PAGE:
• A density gradient is created in a centrifuge tube before the sample is applied.
• The same is then overlaid in the shape of a band on top of the gradient.
• Because faster-moving, bigger, more spherical particles migrate ahead of slower ones during centrifugation, different particles are separated into distinct bands on varied gradients.
• The particles are collected from the bottom of the tube through a puncture and are sorted based on their sedimentation coefficients.

Uses of rate-zonal density gradient centrifugation

• As each virus comprises components that are distinct in size and density, rate-zonal differential centrifugation has been utilised to separate the various viruses.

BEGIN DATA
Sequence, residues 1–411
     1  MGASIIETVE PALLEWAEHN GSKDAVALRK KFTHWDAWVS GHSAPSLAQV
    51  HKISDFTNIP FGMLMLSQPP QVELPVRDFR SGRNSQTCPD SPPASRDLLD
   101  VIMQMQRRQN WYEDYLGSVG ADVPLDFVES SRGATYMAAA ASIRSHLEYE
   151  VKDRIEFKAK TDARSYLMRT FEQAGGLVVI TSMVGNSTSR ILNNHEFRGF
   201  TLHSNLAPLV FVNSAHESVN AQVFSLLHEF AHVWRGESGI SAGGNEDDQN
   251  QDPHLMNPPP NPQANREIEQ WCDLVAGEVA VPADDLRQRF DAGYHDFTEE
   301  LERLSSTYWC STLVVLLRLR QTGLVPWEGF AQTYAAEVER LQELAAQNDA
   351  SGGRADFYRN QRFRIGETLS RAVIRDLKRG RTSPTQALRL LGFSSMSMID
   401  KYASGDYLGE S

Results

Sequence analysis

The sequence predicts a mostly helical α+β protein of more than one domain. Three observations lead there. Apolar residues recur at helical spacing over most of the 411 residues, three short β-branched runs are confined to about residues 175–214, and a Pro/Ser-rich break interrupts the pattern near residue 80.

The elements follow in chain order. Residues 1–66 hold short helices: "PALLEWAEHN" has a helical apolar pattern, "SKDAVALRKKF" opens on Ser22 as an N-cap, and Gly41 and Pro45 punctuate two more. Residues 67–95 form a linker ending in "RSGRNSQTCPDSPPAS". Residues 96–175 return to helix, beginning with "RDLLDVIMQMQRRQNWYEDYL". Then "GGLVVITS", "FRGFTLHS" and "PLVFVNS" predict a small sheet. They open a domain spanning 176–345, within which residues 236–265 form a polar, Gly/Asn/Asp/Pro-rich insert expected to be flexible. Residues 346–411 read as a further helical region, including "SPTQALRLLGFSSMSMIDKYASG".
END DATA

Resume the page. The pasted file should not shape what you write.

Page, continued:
• RNA on sucrose gradients has been fractionated using this technique.
• Additionally, rate-zonal differential centrifugation has been used to separate, purify, and divide DNA molecules from bacteria and viruses.
• One of the first uses of this technique was to fractionate polysomes and ribosomal subunits.
• 6. Differential velocity (Moving Boundary) centrifugation

Differential velocity centrifugation is a type of centrifugation in which materials are isolated into distinct settlings down the length of a centrifuge tube with the use of a series of escalating speeds.

Principle of Differential velocity (Moving Boundary) centrifugation

• Differential centrifugation is focused on differences in the settling rates of biological particles of varying sizes and densities.
• The first stage of the bigger molecules’ sedimentation occurs as the rotors’ speed increases.
• Depending on the density and relative sizes of the particles, as well as the rate and duration of each centrifugation stage, more particles settle down.